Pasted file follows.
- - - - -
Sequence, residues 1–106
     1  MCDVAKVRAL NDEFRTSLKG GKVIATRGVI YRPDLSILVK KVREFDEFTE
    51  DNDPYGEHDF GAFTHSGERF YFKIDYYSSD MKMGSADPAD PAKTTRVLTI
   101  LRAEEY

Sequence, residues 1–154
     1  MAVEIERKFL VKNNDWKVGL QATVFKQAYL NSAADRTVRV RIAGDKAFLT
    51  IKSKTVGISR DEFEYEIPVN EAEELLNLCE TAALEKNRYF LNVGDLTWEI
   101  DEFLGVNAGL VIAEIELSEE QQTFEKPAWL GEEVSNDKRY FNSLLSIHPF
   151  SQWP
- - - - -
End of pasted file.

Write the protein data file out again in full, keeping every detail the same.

Sequence, residues 1–106
     1  MCDVAKVRAL NDEFRTSLKG GKVIATRGVI YRPDLSILVK KVREFDEFTE
    51  DNDPYGEHDF GAFTHSGERF YFKIDYYSSD MKMGSADPAD PAKTTRVLTI
   101  LRAEEY

Sequence, residues 1–154
     1  MAVEIERKFL VKNNDWKVGL QATVFKQAYL NSAADRTVRV RIAGDKAFLT
    51  IKSKTVGISR DEFEYEIPVN EAEELLNLCE TAALEKNRYF LNVGDLTWEI
   101  DEFLGVNAGL VIAEIELSEE QQTFEKPAWL GEEVSNDKRY FNSLLSIHPF
   151  SQWP